Virginia’s General Assembly is in session! While demanding action from your legislators is fun, it’s not always super easy. Our legislative process is baroque at best, and often designed in such a way that it’s hard to know how to even start demanding the change you want to see. We have 45 days to make it happen.
In order to do that there are three things we need to know: why this matters, what bills are up for vote, and what committees will hand those bills off to the House or to the Senate. Details are below, let me know if anything needs added or adjusted!
Why This Matters
- Rights Restoration and Criminal Justice Reform are issues nationwide, but they especially high stakes in Virginia. VA is a “Tough on Crime” state, with some of the harshest criminal justice laws in the country. Our state has in effect three of the most questionable policies of the tough on crime era–mandatory sentencing minimums, abolition of parole, and felony voter disenfranchisement–operating alongside a policy that, as far as I know, is uniquely punitive: our infamous 21-day rule. For an overview of Virginia’s criminal justice policy, see this briefing sheet from the Justice Policy Initiative.
- Here is an excellent pdf primer of voter disenfranchisement from The Sentencing Project.
- This article in the New York Times summarizes the racist origins of felony voter disenfranchisement. Here is a similar piece from The Atlantic.
Committees and legislators
Right now most of these bills are in committee, so you need to contact committee members, not your local representatives. Here is a meeting schedule for all committees in the 2017 session. These meetings are generally open to the public, and will often have space for public comment. Even if you miss a meeting you can still write all committee members on the legislation they’re hearing. When a bill passes through committee I’ll note below. Then it’s time to contact your legislators!
Bills – Criminal Justice Reform
SUPPORT: The four bills below are the bare minimum reform needed to address oversights in prior reforms. Sadly, these four bills do not make Virginia less tough on crime, but they do the bare minimum to bring existing codes into alignment.
- Bill: HB1480 “Mental health awareness training; law-enforcement officers, firefighters, and emergency medical services personnel”
Committee: House Mental Health
What this bill does: “The bill requires law-enforcement officers, emergency medical services personnel, and firefighters other than volunteer firefighters to participate in a mental health awareness program created or certified by DBHDS once every two years.”
- Bill: SB825 “New sentencing hearing; abolition of parole.”
Committee: Senate Courts of Justice
What this bill does: Incredibly, when Virginia abolished parole, it did not require judges to inform juries. From 1995 (abolition) to 2000 (Fishback v. Commonwealth) juries continued to apply sentences with the assumption that people convicted would be offered parole. Sentences during this period far exceed the norm, as juries presumed individuals would serve a fraction of their sentence. This bill allows individuals sentenced during this period to seek resentencing. If you’re thinking “but that’s 17 to 22 years ago, have these individuals been over-serving sentences this whole time?” the answer is yes. They have.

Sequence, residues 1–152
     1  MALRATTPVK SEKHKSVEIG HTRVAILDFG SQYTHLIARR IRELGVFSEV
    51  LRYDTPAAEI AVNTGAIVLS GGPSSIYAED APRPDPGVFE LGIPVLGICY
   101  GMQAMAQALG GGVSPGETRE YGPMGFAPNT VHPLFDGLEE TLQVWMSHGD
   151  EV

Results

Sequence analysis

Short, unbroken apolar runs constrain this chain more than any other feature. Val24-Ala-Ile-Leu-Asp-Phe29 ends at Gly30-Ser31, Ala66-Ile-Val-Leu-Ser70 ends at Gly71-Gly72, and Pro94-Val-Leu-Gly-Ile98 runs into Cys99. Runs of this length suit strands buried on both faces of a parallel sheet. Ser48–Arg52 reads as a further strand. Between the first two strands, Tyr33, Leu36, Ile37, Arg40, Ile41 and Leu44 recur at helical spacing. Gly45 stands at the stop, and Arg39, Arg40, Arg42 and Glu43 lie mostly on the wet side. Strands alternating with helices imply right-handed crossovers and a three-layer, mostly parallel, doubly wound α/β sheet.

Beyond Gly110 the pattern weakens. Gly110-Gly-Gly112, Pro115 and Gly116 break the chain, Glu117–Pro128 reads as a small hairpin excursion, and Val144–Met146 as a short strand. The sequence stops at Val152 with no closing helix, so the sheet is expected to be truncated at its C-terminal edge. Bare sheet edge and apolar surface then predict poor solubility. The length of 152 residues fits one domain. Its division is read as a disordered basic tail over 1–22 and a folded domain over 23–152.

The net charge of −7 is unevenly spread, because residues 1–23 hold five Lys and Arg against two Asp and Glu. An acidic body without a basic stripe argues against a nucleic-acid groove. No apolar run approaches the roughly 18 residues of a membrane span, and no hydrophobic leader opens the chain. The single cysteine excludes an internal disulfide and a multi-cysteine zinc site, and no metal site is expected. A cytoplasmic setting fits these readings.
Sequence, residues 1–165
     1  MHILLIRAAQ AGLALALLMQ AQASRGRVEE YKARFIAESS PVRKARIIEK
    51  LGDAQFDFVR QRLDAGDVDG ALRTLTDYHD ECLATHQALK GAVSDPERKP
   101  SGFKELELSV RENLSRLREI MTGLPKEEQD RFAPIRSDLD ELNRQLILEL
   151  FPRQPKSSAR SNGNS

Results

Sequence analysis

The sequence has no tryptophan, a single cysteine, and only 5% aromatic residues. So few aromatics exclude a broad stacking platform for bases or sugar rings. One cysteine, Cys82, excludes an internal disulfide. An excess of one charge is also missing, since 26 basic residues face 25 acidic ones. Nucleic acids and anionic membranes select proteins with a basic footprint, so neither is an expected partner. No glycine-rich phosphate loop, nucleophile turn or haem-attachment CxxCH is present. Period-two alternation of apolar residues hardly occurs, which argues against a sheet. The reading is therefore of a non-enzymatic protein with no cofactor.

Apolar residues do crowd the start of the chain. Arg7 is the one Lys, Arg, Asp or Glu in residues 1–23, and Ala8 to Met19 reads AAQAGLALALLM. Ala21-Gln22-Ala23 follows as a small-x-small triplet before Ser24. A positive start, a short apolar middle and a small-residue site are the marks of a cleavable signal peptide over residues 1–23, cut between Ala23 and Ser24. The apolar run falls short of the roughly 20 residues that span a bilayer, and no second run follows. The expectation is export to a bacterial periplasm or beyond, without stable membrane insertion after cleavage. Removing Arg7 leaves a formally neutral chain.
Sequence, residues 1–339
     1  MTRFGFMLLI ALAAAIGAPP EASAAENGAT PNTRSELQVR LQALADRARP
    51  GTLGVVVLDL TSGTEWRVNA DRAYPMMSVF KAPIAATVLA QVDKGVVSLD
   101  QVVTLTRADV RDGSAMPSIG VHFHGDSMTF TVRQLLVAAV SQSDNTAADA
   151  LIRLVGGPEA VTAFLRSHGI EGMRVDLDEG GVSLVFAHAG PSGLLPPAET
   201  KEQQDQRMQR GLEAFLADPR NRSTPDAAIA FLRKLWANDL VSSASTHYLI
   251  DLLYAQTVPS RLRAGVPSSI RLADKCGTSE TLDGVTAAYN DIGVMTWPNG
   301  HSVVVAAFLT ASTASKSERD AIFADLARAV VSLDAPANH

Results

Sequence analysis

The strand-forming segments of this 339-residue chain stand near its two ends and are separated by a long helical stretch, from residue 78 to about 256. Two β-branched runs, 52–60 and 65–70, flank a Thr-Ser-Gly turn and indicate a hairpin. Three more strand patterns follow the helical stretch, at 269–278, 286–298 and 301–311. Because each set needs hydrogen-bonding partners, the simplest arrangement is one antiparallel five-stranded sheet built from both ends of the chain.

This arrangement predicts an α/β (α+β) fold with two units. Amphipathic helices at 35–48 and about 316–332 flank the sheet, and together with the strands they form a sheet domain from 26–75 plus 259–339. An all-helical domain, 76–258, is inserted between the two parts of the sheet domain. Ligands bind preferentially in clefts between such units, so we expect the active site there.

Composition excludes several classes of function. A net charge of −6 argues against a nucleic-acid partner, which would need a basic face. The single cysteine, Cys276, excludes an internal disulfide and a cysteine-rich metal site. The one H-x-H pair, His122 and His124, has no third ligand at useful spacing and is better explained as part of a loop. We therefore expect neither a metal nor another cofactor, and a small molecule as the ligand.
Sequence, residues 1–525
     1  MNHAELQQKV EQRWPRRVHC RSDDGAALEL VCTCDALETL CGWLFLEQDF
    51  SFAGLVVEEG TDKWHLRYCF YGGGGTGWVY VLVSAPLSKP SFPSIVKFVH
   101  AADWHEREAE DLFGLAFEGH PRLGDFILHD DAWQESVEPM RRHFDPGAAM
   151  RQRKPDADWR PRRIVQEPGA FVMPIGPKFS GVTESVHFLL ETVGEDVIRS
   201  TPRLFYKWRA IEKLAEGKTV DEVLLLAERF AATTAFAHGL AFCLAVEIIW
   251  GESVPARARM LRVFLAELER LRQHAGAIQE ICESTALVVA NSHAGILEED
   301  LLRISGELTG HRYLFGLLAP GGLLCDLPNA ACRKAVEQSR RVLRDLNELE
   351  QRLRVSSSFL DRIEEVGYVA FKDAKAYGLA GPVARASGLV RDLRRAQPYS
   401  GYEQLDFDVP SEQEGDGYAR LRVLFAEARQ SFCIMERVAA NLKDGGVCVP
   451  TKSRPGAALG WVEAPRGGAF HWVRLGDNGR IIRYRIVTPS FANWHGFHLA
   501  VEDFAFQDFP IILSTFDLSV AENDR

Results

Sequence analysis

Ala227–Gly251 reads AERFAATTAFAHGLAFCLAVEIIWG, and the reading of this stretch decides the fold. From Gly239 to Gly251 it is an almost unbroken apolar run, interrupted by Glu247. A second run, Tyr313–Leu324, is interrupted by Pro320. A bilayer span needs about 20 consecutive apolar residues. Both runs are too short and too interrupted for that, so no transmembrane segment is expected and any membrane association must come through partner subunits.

- Bill: SB816 “Grand Larceny Threshold”
Committee: **OUT OF COMMITTEE! Contact your legislator to support this bill.
What this bill does: Increases the grand larceny threshold from 200$ to 1000$. See ACLU commentary on this bill here.
Bills – Rights Restoration
SUPPORT: These bills will increase easy voting access for disenfranchised citizens.
- Bill: HJ540 “Constitutional amendment; qualifications to vote”
Committee: House Privileges and Elections, Subcommittee: Constitutional
What this bill does: “Removes the disqualification from voting of persons convicted of felonies.” While there are many bills up this year, this is the big bill. If this language is removed from Virginia’s constitution, Virginia could no longer disenfranchise individuals from voting based on criminal background.
OPPOSE: These bills make voting harder, restoration of rights slower, or more expensive.
- Bill: HB1407 “Voters, qualified; definition of violent felony.”
Committee: Courts of Justice
What this bill does: defines the phrase “violent felony” for the purposes of reduction of restoration of rights.
- Bill: HJ542 “Constitutional amendment; qualification of voters, executive clemency”
Committee: Privileges and Elections
What this bill does: Reinforces the constitutional clause denying voting rights to people with felony convictions, disallowing restoration of rights until all court fines and restitution payments are made in full. This bill is a poll tax.
- Bill: SJ223 “Constitutional amendment; qualification of voters and executive clemency“
Committee: Privileges and Elections sub: constitutional ammendements
What this bill does: eliminates the governor’s right to reinstate voting rights.
- Bill: SB1285 “Restitution; supervised probation”
Committee: Courts of Justice
What this bill does: Expands state supervision of individuals without means to pay restitution, thus increasing opportunities for arrest.